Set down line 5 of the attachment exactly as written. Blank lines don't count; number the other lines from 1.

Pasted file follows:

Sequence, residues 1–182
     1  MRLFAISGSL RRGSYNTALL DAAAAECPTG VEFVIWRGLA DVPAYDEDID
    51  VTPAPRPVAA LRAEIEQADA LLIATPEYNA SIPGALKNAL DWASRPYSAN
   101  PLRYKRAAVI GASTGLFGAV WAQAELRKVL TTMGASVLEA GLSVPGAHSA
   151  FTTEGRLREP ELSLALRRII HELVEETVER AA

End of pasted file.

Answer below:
   151  FTTEGRLREP ELSLALRRII HELVEETVER AA